Camillo Fraga, the city's municipal secretary for the World Cup, said he did not anticipate defeat leading to a repeat of the kind of protests that were seen at last year's Confederations Cup.
"If Brazil wins it will be perfect, but if not then they will have reached the semifinal so that will be respectable," Fraga said.
"I have no concerns about the reaction. The climate has changed a lot since last year, and now everyone has been really involved in the World Cup."
Belo Horizonte's preparations were dealt a serious blow last week when a flyover that was under construction, collapsed onto the road beneath. The collapse trapped a number of vehicles, killing two people.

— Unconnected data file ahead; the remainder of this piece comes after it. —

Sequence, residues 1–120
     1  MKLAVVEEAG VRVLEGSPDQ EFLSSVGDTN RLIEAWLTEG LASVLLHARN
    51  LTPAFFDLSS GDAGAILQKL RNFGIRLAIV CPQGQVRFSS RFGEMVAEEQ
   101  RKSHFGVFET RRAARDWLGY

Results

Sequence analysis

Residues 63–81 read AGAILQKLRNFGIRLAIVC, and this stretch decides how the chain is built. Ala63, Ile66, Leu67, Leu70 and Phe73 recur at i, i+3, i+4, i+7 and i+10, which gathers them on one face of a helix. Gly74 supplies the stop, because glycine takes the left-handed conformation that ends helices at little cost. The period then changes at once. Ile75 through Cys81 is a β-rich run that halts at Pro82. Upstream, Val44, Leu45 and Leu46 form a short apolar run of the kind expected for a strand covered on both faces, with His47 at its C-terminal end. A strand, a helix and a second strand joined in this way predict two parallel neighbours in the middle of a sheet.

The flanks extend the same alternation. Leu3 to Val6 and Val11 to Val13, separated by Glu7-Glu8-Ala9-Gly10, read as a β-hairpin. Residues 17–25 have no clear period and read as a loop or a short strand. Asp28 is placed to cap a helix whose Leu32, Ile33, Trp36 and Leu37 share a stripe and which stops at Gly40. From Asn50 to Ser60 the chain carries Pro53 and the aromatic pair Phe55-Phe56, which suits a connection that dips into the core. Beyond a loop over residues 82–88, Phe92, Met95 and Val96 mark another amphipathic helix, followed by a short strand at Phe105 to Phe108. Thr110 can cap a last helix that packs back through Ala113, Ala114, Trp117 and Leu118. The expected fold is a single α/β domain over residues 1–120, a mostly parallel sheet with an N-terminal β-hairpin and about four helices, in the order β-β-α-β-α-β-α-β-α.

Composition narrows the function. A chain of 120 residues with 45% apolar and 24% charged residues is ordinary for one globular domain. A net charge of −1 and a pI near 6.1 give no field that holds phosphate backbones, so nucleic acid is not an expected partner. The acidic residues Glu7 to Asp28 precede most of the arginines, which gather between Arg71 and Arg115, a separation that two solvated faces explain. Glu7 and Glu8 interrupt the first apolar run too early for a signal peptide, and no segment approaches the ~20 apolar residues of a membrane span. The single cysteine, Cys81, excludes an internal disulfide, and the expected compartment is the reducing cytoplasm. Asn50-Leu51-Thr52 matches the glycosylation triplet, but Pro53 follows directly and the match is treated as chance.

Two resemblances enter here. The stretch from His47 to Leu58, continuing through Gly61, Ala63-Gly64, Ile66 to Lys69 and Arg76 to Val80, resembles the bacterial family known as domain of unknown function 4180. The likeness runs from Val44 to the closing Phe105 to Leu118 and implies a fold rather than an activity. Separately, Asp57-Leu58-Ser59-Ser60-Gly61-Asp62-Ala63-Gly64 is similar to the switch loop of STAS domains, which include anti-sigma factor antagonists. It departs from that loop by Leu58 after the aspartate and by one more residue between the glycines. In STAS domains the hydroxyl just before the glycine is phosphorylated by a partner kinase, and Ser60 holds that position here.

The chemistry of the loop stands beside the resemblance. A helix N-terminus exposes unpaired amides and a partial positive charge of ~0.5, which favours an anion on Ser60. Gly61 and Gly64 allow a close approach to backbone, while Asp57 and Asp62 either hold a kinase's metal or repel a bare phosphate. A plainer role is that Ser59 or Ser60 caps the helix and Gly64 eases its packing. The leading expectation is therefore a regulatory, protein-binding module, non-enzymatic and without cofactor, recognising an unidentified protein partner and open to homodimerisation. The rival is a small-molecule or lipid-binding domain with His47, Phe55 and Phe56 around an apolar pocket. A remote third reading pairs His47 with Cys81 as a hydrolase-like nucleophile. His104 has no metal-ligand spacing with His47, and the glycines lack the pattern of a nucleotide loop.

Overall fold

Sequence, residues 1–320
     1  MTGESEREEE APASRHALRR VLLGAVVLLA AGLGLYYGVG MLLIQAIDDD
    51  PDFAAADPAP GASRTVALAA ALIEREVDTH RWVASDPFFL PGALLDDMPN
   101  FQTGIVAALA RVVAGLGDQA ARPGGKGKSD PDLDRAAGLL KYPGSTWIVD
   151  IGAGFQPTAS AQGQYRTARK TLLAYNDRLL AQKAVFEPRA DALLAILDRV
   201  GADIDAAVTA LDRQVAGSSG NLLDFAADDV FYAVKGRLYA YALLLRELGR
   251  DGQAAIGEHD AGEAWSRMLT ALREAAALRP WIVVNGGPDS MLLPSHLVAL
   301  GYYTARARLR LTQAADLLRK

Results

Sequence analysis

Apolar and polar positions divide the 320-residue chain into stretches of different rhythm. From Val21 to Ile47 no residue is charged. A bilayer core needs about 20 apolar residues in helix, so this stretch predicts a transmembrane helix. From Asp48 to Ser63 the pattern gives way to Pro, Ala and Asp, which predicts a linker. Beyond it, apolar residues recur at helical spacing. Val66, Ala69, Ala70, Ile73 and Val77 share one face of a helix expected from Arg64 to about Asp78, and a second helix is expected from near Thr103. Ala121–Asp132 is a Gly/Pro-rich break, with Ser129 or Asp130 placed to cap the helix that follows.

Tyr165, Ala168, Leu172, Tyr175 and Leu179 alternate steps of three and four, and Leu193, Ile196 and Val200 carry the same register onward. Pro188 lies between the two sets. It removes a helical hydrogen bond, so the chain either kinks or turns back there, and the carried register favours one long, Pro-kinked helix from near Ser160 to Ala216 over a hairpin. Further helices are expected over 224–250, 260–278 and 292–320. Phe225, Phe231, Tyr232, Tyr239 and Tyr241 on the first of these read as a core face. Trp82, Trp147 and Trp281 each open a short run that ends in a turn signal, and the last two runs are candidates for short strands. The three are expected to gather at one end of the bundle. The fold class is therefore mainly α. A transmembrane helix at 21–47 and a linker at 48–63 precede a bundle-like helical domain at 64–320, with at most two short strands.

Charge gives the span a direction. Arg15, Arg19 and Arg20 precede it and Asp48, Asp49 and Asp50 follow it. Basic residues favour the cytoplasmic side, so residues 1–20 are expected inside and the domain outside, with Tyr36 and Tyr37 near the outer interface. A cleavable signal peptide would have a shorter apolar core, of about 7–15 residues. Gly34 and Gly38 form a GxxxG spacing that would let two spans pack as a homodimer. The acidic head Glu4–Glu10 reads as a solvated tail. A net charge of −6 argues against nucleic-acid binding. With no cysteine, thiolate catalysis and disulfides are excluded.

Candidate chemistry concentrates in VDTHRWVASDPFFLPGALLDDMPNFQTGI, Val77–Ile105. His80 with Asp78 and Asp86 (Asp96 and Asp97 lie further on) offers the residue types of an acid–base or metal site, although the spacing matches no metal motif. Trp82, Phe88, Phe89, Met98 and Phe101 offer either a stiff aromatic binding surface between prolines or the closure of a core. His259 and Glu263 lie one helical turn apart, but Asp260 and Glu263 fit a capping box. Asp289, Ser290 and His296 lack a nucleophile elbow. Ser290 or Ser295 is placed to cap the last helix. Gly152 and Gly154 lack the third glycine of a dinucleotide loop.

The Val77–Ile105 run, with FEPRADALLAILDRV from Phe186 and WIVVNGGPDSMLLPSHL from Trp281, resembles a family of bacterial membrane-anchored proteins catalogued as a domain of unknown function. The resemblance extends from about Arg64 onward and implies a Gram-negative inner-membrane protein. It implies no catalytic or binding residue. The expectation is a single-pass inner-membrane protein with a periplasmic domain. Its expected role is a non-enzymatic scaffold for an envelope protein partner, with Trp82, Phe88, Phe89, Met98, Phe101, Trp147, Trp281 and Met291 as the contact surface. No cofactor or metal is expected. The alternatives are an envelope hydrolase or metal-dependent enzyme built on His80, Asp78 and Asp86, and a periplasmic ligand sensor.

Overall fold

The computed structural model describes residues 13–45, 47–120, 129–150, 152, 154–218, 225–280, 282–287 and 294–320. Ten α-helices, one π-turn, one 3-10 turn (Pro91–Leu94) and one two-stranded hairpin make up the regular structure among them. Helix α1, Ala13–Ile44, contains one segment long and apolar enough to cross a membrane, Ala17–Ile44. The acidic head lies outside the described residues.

The tragedy happened about three miles from the stadium, and Fraga said a transport plan for the semifinal had been put in place to ensure there were no additional delays.
"This disaster was a really terrible thing to happen -- we lost two people and I couldn't sleep at night," he said. "We were ending our participation in the World Cup in just a few days, and then this disaster happened."
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